The Toll On Teachers

Teachers and staff members point of views on the current situation, involving Covid-19 and the recent shift to full remote leaning.

With the quick shift to remote learning, students and teachers were forced into with Covid-19, teachers have had to adapt and learn as they go along to make this shift less stressful for the students at home, as well as manage their own mental health. 

The current focus for teachers is just making sure all assignments are turned in and information about lessons are clear and direct, and many are leaning strongly on Schoology to help provide that. Gayle Hume, a social studies teacher, expressed, “The recent biggest challenge with remote teachers has been planning differently to teach shorter lessons in a way that engages the students we can’t see.” Finding new, creative ways to get students engaged in remote learning while still making sure they get the most out of it seems more important than ever. 

Sources like The Hill acknowledge that teachers at a real disadvantage, stating, “Teachers need the right tools and support to teach online. Because of the COVID-19 pandemic, many have had to rethink their classes entirely and many are struggling under increased workloads while learning new techniques.” And now, teachers’ process of rethinking and the reconstruction of lessons is overseen by students and parents. So much work is going into these lessons, putting an enormous amount of stress on teachers. 

“I’ve learned a ton of platforms I’ve never even heard of before this year, so the learning curve has been very steep,” Ms. Hume said, expressing the challenges of learning new tools this year. “I know the kids are in the same boat, and they’re having to balance different expectations from all of their teachers.” New and improved apps and platforms like Zoom, Microsoft Teams, and more are being invented daily to help with this transition of online learning. Learning new tools and skills is a key factor to create useful and impactful lessons for students from teachers. 

“Since the pandemic, I feel like a brand new teacher again because everything about teaching is different this year!” Ms. Hume states. “The amount of time we’re spending remaking in-person work into remote or electronic work is pretty unreal, and coming up with ways for you to still work together in small groups or with another student without putting you at risk was tricky.” Hume emphasizes the point that she has noticed an extreme change and shift in students’ motivation and engagement this whole year, including before remote.

Andrea Rebert, an Eaglecrest counselor, has been a strong advocate for students reaching out for help and support in times where their mental health is at its lowest. Ms. Rebert states, “One of the biggest changes I’ve noticed with students is realizing how much they appreciate school as we knew it in years past.” From her own personal experience talking to students first hand, she has noticed that with the remote learning shift, students have become more grateful for the times they had in the school and learning environment since Covid.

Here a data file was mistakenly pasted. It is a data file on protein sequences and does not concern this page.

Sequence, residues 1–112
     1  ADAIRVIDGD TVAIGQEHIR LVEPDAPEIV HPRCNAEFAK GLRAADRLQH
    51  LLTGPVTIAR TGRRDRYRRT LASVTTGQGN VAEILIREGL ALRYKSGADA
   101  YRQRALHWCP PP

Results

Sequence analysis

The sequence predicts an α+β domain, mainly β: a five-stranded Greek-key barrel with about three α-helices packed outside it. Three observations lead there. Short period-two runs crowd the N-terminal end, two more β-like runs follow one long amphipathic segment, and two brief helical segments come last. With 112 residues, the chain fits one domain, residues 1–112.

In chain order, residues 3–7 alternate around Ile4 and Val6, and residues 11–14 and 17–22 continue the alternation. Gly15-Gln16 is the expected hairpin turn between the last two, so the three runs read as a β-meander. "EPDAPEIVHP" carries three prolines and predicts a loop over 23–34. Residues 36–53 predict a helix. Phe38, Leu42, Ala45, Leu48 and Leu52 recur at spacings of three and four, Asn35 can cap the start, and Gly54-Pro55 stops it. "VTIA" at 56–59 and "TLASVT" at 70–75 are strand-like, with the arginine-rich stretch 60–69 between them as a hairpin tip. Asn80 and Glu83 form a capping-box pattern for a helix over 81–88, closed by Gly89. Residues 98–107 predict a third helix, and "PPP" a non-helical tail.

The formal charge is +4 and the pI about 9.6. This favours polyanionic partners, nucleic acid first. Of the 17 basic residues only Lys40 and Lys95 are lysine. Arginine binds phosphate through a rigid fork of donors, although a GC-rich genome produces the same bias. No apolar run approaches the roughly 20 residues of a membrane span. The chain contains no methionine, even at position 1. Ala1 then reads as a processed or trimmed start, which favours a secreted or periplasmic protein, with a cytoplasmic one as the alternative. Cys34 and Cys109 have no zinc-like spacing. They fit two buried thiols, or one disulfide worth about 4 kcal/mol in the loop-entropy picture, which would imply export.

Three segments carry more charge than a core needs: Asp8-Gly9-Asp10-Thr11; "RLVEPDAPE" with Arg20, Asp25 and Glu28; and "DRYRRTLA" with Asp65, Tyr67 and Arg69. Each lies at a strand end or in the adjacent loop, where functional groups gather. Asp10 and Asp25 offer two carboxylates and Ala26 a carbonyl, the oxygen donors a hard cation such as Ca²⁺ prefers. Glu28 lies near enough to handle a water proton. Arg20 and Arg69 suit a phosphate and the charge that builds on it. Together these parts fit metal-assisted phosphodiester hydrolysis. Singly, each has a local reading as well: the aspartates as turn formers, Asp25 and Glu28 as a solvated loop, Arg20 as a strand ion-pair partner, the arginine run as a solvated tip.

“It’s really easy to take things for granted when they’re a part of everyday life,” Rebert continued. “And I think many students have realized that they were taking the structure and lessons of traditional school days for granted once hybrid and online learning started.

Along with school, Covid-19 has affected jobs and work environments all over the country as people are being laid off, getting fewer hours, and so much more. From the counselor’s point of view, their jobs haven’t changed much. Although, like so many other workplaces, the lack of face-to-face interaction is what makes the job harder. 

“Counseling is all about building relationships, and when you can only see someone’s eyes, it’s difficult to read facial expressions and emotions,” Ms. Rebert states, explaining the recent struggles and difficulties she faces as a counselor. “We’ve had to get creative when we talk to students: going for walks in the hallway or outside, opting for meetings in larger conference rooms instead of our offices, having to meet virtually, even during hybrid learning.”

Perfect representation of what modern-day remote learning looks like. (Shonagh Rae from the New York Times)

Students have been reaching out to teachers and counselors for support recently as a result of ongoing common concerns with regards to remote learning and Covid-19. One of students’ main concerns has been about getting their work done and achieving grades that they once had that they are and can be proud of. 

Eaglecrest counseling staff stated, “The difference this year is that to achieve this, many students have seen a need to increase their skills for self-motivation, time management and reaching out to their teachers when they need something.” To improve these skills, it is sometimes necessary to push students outside their limits of comfort to make sure they are getting what they need to be successful. Counselors advise for communication with teachers, especially as teachers are waiting and expecting it.